By Leslie Ann Aquino
The head of the Catholic Bishops Conference of the Philippines Episcopal Commission for Seminaries (CBCP-ECS) cited the need to revisit the program of seminary formation amid the COVID-19 pandemic.
“This unexpected tempest called COVID-19 also makes it necessary for us to revisit our program of seminary formation, prayerfully attentive to the signs of the times yet relentlessly faithful to the mind and heart of the Church,” Lingayen Dagupan Archbishop Socrates Villegas said in his proposed guidelines for seminary formation during the COVID-19 pandemic.
“We must not endanger the lives of our seminarian sons through our negligence. It is a Christian obligation to obey the quarantine and scrupulously observe hygiene,” he added.
Villegas said the seminary administration, under the direction of the diocesan bishop, must adhere to the instructions of the civil authorities regarding proper conduct during this pandemic.
The revised seminary discipline during the pandemic, he said, must include the scrupulous observance of public and personal hygiene through frequent hand-washing, wearing of face masks, and social distancing in all seminary activities.
The CBCP-ECS proposed some practical considerations, such as seminaries scheduling the return of their seminarians by batches.
Villegas said mandatory self-quarantine will be observed and the individual must be “cleared” by available doctors before being reintegrated into the community.
For those allowed to leave the premises for marketing and errands, the prelate said they shall exercise extreme caution and strictly follow the protocols.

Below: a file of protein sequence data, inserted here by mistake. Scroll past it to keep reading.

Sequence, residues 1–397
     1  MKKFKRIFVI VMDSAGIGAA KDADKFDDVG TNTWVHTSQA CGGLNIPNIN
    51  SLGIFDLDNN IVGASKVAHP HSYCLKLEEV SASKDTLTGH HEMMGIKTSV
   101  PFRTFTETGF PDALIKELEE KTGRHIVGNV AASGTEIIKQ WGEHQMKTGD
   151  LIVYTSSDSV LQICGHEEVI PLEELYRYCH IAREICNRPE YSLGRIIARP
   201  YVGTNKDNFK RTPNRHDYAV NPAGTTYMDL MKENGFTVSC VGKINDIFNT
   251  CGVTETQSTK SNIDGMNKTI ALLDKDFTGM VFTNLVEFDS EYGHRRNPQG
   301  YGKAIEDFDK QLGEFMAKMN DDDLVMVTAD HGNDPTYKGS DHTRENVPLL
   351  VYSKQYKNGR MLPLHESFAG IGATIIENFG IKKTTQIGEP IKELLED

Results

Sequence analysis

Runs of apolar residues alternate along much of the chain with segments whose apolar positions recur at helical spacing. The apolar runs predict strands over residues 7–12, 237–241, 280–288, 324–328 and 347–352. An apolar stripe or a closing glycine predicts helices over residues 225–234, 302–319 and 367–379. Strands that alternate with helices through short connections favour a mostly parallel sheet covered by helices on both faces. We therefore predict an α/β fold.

As to online classes, Villegas said this normally cannot apply to seminary formation due to the other pillars of priestly formation requiring personal accompaniment in the context of community.
“However, in extreme conditions, the academic deans may study prudently which minor subjects may be delivered online,” he said.
Villegas added that major subjects are best taught with physical presence of the teacher and with interaction among the seminarians.
He said the seminary should also make available physicians and nurses who will see that each seminarian is free from symptoms of the virus or of any other contagious disease.
“When symptoms are found, the seminarian will receive proper medical attention and care, and, if necessary, according to the discernment of the Rector, may be given time to recuperate,” Villegas said.
The current condition of the world, he said, also necessitates a formation in deeper simplicity and poverty of lifestyle among seminarians.
Arcbishop Villegas said although the vision to be a church of the poor has been repeatedly taught in the past, there is a need to further form seminarians in deeper simplicity and poverty of lifestyle in communion and solidarity with the increasing number of poor people.
To do this, he said the engagement of the seminarians in alleviating the sufferings of the poor such as providing food relief bags, coming from their personal sacrifices according to their age and situation, must be “encouraged.”
He also advised seminary formators to contextualize the spiritual conferences, theological and philosophical convocations, and pastoral talks and homilies within the current situation of the world.
“COVID-19 has been metaphorically called a doorway leading to a new rupture in the world. The seminarians will be the future priests on whose shoulders will be laid the task to lead our flock into that new world,” Villegas said.